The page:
Fibertalk 纤语

What is Fiber?

Fiber is mostly made up of carbohydrates. However, unlike the usual carbohydrates found in bread and other foods, our body can’t digest fiber. In spite of this, fiber helps keep our digestive system running smoothly and helps improve overall health. Meat does not have fiber. Fiber is found only in plant foods.

How much Fiber do we need per day?

The U.S. Government Dietary Guidelines 2015 recommend that women need about 25 grams of fiber a day, and men need slightly more—about 30 grams per day.

Simply put, there’s a popular saying: “An apple a day keeps the doctor away.”
In addition to plentiful phytochemicals and antioxidants, one apple, with the skin, contains about 4.4 grams of fiber. Without the skin, you’re only getting about 2.1 grams.

More accurately, the saying should be: “10 apples a day keep the doctor away.”

Does Fiber help the function of the immune system?

A diet high in fiber affects immune cells and antibodies, and potentially boosts immune function. A study done shows animal models that ate soluble fiber fell ill 50% less often than their counterparts and recovered 50% faster.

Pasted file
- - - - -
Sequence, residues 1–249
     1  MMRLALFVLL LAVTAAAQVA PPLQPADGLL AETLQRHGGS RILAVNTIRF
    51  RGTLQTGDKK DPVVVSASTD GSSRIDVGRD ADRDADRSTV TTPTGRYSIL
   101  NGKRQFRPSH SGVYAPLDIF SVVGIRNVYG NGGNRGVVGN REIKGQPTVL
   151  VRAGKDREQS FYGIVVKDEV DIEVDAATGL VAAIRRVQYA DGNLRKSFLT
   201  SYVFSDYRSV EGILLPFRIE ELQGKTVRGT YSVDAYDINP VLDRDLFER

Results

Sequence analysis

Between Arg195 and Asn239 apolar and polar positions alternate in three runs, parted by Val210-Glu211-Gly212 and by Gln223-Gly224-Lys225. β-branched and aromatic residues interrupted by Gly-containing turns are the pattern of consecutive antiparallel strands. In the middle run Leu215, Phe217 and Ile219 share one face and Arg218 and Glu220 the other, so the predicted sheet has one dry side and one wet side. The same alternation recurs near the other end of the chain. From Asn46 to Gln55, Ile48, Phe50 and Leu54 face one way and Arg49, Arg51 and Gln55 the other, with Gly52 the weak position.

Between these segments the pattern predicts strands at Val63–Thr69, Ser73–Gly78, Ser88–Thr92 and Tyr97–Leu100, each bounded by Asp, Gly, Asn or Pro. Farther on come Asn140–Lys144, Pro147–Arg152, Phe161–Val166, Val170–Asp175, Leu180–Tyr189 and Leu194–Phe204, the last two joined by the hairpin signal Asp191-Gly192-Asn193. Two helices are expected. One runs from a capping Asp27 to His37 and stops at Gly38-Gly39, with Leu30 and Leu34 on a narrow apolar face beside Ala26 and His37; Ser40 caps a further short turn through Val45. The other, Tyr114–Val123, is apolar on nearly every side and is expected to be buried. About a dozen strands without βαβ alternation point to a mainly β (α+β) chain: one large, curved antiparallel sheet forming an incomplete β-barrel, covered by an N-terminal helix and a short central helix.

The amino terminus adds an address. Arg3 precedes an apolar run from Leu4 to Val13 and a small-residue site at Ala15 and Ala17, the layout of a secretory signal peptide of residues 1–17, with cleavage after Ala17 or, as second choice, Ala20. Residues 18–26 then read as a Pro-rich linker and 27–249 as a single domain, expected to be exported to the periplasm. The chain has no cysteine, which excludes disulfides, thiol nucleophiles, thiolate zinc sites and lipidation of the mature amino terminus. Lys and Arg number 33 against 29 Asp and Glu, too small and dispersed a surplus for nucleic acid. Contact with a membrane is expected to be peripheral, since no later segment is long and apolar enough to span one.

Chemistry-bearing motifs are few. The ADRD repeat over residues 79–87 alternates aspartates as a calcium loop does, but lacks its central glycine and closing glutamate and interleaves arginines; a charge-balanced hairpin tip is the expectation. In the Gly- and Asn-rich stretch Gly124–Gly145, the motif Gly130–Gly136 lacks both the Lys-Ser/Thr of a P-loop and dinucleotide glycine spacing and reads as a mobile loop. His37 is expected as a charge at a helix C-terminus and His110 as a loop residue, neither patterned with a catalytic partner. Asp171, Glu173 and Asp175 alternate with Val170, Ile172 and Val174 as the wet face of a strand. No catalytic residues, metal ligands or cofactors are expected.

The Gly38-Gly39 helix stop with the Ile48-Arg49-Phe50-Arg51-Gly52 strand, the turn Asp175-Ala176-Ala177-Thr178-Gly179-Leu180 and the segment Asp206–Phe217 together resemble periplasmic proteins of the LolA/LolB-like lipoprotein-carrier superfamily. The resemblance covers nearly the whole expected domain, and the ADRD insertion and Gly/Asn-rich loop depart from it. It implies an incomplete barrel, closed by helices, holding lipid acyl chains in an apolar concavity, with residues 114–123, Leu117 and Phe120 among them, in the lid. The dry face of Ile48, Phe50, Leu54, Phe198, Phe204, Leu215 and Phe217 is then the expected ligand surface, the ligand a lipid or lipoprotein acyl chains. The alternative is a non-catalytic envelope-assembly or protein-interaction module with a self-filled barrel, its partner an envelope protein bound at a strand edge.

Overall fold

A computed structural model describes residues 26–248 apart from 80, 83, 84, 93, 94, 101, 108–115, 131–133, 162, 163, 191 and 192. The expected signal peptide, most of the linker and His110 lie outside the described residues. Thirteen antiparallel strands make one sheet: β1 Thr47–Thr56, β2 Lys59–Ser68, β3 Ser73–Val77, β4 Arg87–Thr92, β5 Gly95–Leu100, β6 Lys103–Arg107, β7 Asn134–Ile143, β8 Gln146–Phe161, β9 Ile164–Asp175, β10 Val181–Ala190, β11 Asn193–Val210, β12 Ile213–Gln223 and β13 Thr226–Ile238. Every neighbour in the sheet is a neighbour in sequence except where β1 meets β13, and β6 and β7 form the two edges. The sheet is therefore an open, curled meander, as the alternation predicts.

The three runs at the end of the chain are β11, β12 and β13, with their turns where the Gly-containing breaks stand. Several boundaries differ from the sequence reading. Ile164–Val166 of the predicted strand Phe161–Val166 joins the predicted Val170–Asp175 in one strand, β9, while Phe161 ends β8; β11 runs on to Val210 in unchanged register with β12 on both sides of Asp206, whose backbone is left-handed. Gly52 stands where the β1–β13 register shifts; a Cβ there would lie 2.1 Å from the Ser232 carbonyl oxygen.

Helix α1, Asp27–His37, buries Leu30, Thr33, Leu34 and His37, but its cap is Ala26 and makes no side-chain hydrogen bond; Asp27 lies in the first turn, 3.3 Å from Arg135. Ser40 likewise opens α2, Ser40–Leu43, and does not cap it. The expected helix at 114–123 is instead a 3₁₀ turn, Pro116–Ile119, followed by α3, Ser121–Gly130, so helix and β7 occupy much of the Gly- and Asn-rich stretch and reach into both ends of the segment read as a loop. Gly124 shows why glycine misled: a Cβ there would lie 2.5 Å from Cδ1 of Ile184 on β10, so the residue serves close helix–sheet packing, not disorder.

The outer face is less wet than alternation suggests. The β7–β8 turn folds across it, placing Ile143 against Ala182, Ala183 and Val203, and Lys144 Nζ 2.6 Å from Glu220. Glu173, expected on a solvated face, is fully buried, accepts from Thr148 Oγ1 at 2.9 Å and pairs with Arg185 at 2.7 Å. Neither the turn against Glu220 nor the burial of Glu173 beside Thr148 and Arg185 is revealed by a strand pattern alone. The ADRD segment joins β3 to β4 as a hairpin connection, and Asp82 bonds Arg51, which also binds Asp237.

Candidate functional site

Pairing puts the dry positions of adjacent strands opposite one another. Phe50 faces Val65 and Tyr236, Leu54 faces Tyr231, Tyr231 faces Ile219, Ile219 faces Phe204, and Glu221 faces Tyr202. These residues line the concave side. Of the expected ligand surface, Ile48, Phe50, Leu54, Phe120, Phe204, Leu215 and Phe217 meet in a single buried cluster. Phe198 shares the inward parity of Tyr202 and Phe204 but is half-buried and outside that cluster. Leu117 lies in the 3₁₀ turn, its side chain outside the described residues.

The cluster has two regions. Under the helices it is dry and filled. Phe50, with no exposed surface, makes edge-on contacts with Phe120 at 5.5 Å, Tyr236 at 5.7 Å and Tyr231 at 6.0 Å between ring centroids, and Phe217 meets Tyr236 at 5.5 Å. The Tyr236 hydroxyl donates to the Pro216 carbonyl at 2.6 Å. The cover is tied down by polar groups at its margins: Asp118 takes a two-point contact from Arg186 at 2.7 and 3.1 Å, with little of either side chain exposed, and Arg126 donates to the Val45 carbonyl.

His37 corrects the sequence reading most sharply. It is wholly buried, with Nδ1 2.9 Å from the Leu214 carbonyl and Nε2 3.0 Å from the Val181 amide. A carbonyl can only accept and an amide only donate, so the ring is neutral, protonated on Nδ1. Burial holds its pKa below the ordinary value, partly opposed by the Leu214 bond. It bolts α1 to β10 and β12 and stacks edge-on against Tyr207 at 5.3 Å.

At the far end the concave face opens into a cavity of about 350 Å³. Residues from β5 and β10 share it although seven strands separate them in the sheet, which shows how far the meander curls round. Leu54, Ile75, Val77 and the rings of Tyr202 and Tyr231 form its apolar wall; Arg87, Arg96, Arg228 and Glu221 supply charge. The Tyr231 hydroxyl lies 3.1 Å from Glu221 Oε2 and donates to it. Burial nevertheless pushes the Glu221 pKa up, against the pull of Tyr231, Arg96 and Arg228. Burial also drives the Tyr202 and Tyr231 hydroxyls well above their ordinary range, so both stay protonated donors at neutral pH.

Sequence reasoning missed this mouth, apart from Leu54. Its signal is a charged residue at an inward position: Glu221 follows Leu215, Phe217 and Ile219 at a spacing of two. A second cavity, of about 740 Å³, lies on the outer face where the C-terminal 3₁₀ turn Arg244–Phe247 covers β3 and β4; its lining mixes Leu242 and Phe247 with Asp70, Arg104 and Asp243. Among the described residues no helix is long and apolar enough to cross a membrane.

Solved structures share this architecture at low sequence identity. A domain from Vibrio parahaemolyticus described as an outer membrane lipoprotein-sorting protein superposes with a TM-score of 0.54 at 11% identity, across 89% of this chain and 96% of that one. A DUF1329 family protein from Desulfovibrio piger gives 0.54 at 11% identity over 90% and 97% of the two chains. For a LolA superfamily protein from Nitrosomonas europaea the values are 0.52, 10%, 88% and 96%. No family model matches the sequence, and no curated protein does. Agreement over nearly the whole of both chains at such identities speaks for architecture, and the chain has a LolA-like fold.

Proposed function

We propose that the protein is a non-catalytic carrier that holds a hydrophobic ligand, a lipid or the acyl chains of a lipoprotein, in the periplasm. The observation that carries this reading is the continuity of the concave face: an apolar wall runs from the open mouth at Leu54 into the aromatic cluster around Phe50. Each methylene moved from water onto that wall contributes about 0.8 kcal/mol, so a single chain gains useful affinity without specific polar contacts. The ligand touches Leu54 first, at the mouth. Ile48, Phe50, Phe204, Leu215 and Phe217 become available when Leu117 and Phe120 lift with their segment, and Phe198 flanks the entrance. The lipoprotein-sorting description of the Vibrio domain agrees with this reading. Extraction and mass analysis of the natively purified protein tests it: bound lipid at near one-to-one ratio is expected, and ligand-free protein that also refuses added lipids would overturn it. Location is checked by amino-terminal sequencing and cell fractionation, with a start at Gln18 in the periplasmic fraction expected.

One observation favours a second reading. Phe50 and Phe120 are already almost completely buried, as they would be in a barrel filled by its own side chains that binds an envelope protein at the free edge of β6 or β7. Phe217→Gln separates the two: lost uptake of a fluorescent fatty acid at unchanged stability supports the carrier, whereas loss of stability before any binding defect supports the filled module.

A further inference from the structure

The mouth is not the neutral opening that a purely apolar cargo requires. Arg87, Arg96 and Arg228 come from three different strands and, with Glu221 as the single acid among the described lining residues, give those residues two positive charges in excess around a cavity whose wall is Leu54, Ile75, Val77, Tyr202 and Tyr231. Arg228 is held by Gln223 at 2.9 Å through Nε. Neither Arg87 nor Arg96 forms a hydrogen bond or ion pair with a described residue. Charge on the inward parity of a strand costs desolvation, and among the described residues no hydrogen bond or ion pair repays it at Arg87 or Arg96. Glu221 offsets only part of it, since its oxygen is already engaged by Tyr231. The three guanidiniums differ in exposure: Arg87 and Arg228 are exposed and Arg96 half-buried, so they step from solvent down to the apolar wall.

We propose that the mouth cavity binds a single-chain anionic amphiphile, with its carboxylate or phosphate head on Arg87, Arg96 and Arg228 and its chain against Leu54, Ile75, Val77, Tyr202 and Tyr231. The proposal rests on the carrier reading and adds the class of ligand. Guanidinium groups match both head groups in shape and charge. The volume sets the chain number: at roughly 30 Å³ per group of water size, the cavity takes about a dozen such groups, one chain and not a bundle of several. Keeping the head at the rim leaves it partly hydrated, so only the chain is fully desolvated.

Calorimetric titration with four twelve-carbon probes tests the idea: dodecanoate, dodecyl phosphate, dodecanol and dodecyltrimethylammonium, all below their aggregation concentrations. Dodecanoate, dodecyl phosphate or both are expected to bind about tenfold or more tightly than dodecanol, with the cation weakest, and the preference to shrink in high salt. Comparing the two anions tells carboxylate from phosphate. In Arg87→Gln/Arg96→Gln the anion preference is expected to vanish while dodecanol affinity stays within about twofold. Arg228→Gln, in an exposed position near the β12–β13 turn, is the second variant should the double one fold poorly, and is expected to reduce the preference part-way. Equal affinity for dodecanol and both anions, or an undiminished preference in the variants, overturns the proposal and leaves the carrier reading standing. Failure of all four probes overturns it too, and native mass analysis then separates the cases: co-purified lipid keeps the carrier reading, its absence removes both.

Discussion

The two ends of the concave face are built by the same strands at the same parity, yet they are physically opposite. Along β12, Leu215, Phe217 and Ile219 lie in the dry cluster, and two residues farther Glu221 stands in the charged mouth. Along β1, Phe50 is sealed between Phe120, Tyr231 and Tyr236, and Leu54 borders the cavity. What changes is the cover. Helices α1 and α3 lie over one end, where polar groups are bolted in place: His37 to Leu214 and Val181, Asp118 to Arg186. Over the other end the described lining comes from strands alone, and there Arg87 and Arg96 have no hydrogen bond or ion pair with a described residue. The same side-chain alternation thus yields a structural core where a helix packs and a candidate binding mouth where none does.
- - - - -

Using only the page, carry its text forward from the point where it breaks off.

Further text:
By helping to remove toxins from the bowels, fiber prevents such toxins from affecting the lining of our intestines, and from being absorbed into the body and affecting our other organs, such as the liver. This gives us many additional benefits, such as having more beautiful, clear skin!

How does Fiber help prevent colon cancer?

As fiber helps keep our bowels moving in a timely manner, it will reduce the time potential toxin-causing agents have in contact with the walls of the colon. It is believed that the longer the toxins are in contact with the cells, the greater the risk of the cells becoming cancerous. In addition, when bacteria in the intestines break down fiber, a substance called butyrate is produced, which may inhibit cancer cell growth.

A study done in Europe shows that those who consume an average of 35 grams of fiber daily have a 25% lower risk of developing colon cancer compared to those who consume only about 15 grams of fiber daily. The results of the study suggest that those who don’t eat enough fiber could reduce their risk of colon cancer by up to 40% just by eating 50% more fiber.

Eating a large amount of Fiber is giving me gas and bloating. Is this normal?

Most people do not have enough fiber in their daily diet. In the USA, most people only eat about 15 grams of fiber every day.

As you start to increase the amount of fiber in your diet, bloating and gas is common. The bloating and gas is due to the healthy bacteria in your intestines working to break down this extra fiber while battling the other bacteria.
Making healthy changes takes time. Instead of stopping your high-fiber diet, you should persist and allow your body to adjust to the increase in fiber.

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